Let me be clear: Implementation of these tough measures has not been quick or easy for fishermen – commercial and recreational – nor has it been easy for regulators.
Yes, we are making excellent progress in achieving the goals of the legislation, but we still have quite a way to go.
Nonetheless, most fishermen and regulators alike share the goal of healthy fisheries that can be sustained for generations and generations.
Without tough rules and commitment by all parties, it is all too easy for short-term pressures to continually undermine good intentions and stymie progress.
Sustainable fisheries is about a better future – a time when fishermen can rely on fishing as a stable income for their families, a time when grandparents and grandkids enjoy the day fishing together out on the water, and a time when fishing communities can count on fishing to help their local economies recover and thrive.
And thanks to past and recent efforts, the sacrifices and discipline are paying off.
FISHERIES OF THE U.S. REPORT
One of NOAA’s jobs is to keep a close eye on the Nation’s fisheries accounts. Every year NOAA publishes a tally of the nation’s fisheries.
Today, NOAA is announcing the release of its Fisheries of the U.S. Report for 2010. This is the annual statistical yearbook. Two highlights provide a snapshot:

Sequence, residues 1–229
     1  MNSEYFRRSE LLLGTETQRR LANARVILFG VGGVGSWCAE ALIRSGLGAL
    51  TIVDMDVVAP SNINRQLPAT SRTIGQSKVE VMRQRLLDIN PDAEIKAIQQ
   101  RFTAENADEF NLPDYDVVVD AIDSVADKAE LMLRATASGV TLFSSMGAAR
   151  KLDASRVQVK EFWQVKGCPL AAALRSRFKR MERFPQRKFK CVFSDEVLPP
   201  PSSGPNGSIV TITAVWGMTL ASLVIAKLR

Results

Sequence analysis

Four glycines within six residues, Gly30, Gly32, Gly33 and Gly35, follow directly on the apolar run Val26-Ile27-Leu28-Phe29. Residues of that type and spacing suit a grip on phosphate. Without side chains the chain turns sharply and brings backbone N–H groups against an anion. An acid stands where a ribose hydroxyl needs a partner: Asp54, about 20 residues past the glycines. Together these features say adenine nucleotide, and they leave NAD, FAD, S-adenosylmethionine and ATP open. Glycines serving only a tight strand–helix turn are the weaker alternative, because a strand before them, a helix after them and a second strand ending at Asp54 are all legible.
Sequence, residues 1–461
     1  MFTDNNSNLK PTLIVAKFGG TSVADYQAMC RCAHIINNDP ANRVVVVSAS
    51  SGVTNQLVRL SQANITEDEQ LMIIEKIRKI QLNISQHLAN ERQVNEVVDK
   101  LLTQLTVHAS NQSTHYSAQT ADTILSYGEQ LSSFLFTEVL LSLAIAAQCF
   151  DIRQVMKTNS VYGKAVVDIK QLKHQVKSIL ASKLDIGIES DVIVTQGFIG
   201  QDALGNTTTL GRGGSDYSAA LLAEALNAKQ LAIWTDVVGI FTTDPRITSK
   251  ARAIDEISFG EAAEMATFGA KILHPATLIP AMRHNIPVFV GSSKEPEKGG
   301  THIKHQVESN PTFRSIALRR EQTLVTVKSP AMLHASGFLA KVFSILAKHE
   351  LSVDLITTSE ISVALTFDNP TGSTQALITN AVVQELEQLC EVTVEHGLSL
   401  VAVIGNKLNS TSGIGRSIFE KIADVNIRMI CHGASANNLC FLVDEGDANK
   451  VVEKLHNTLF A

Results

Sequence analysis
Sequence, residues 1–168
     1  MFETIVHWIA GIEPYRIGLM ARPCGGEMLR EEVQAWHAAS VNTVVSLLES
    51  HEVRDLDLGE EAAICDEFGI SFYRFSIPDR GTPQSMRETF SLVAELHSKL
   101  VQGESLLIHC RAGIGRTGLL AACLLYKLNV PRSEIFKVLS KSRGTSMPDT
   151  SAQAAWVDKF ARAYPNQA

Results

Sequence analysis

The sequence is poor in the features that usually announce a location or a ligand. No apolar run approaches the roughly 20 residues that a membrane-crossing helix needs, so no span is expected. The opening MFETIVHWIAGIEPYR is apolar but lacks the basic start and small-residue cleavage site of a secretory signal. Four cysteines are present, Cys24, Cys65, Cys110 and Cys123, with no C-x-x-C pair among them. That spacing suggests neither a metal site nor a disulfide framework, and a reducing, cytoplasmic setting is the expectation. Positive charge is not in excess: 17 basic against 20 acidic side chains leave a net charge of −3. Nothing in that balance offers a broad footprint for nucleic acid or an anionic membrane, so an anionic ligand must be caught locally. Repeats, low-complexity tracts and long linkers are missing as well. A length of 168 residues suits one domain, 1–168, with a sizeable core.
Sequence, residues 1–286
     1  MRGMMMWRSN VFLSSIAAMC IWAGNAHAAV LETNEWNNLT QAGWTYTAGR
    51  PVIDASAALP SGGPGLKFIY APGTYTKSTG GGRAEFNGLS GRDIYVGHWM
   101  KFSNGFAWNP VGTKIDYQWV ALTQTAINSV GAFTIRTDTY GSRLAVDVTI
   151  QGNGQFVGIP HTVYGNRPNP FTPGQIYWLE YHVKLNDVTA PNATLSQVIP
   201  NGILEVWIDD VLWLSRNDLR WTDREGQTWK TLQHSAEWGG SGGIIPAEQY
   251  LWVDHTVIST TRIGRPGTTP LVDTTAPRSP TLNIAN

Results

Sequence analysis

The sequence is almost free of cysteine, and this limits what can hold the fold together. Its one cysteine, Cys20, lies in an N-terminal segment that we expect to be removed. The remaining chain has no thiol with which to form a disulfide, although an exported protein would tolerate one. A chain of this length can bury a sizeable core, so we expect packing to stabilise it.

- Three fisheries stocks from the Northeast – Georges Bank haddock, Atlantic pollock and spiny dogfish – have now been rebuilt to healthy levels, bringing to 21 the number that have been rebuilt nationwide since 2000.
- In 2010, 84 percent of the 253 stocks investigated were fished at a sustainable rate, and 77 percent of the 207 stocks with known population levels were abundant enough to be fished sustainably.
These numbers illustrate encouraging progress, but we have considerable work to do before all U.S. fisheries are fully rebuilt and fished at sustainable levels.
With the work that Commissioner Damanaki has done to put forward a proposal for Common Fisheries policy reform and in our future work together to clamp down on pirate fishing, the U.S. is pleased to be standing with the EU.
The reforms to the Common Fisheries Policy proposed by Commissioner Damanaki will benefit not only fisheries in the EU, but fisheries globally.
I congratulate Commissioner Damanaki for having the courage and vision to put forth such a proposal.
If adopted, these reforms will require some sacrifice, but I believe, as has been the case in the United States, these sacrifices will be repaid by much greater rewards. Pulling out of a downward spiral, reversing direction and making steady progress upward is not easy, but it is worth it.
We still have a long, long way to go on sustainable management of the fisheries on a global scale. Targeting IUU fishing brings us a step closer.